perfect. One can't help wondering if the trauma of that crushing event might have been the prime factor in her decision to be baptized four years later...when her own marriage was imminent.

     Her husband-to-be was Frederic Gallatin Cammann, a Harvard man whose family had been in the Social Register for years. Elizabeth was in love. She had always looked to marriage as her ultimate goal in life. Realizing how it had turned out for her parents, perhaps LIz felt she must reach out for every bit of support available.

     Liz has always been close-mouthed about the details of her personal life. Outwardly, she appeared to take her parents' divorce with dignified aplomb, but it isn't hard to imagine what the breakup meant to her at the time.

A new need for God's love
     Today, Elizabeth Montgomery Asher finds herself as concerned about religion as she was in those months of decision before her short-lived marriage to Fred Cammann. But for entirely different reasons! As mother of two frisky runabouts (William Allen and Robert Deverell) and a baby daughter (Rebecca Elizabeth), she has had to think about the subject far more than she did in her own childhood:

     "My brother, Skip, and I went to Sunday School but we did not say prayers at bedtime, and our famiy was not one that regularly attended church. I suppose we believed in God, but in our own way. I enjoyed Sunday School, looked forward to going. But to me the stories were more like fairy tales. I didn't really take them seriously.

     "I know that many children live in mortal fear because their parents have scared them by saying that unless they are good, God will punish them. Using fright to teach religion seems to me to be very unhealthy. After all, if we can't base our belief in a Supreme Being on
love, then how can any of us truly believe?"

     Her pretty features settle into a thoughtful expression as she continues. "Our children are still a bit young to ask questions about God, and truthfully I don't know how I will answer them when they do! There are times when I am a little uncertain about my own beliefs. I know that there are a good many people turn to religion out of a deep need, and I think it's wonderful that they can accept some of the horrors that happen--such as war and poverty--because of their intense faith. It would certainly be a lot easier to live in this world of turmoil we're in now!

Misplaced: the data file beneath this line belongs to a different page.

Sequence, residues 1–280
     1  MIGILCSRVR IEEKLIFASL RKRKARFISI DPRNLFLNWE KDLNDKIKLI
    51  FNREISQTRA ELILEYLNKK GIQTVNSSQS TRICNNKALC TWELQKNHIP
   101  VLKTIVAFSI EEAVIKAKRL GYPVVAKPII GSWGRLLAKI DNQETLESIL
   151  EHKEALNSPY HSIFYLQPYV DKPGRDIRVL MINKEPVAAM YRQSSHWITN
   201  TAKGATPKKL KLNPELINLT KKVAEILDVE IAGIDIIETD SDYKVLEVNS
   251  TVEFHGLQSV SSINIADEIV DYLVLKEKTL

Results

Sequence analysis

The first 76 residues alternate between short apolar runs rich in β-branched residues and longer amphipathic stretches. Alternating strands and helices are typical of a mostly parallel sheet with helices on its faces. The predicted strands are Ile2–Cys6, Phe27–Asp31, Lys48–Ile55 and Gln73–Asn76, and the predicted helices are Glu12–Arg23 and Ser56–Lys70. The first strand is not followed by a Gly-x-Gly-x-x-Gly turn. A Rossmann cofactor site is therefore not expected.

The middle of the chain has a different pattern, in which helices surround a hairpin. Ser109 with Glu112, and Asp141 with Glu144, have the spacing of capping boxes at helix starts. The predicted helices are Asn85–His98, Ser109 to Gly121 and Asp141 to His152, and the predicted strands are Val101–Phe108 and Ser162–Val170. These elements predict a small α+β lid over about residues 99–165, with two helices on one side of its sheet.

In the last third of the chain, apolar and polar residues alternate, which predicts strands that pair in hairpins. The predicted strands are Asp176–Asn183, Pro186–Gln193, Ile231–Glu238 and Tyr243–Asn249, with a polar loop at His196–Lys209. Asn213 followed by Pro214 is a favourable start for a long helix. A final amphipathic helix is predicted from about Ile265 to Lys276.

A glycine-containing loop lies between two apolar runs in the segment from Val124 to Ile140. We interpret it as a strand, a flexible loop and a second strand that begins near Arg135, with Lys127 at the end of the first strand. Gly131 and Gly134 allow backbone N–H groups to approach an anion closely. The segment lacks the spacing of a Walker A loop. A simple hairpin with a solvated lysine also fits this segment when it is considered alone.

"We want the boys to go to Sunday School. I feel that it is a good foundation for any child. After all, even as a piece of literature alone, there is so much that is fine and wonderful in the Bible. But how do you answer questions about the fact that a plane can drop a bomb which will completely wipe out an entire city? How do you justify a God that allows such terrible things to happen? Maybe that's why our younger generation is asking so many questions," she sighs.

     "I think of God as the beauty in life," she sums up musingly. "It's loving and being loved; it's feeling good inside because you are living the life of a good person. Myabe it's a good idea to try new ways of looking at the subject."

     Fifteen years ago, Elizabeth Montgomery undertook to bring into her life something precious that had been missing. It has been a long, hard climb to happiness since her baptism, but she has made it. While her career flourished, her personal life floundered as two marriages ended in divorce (her second husband was Gig Young, the actor). But as we all know, Elizabeth Montgomery is made of very sturdy stuff. Once she had formally declared her belief in God, she knew her feet were on the right path. Now, secure in the love of Bill Asher and their three little ones, she knows that heaven isn't so far away, after all.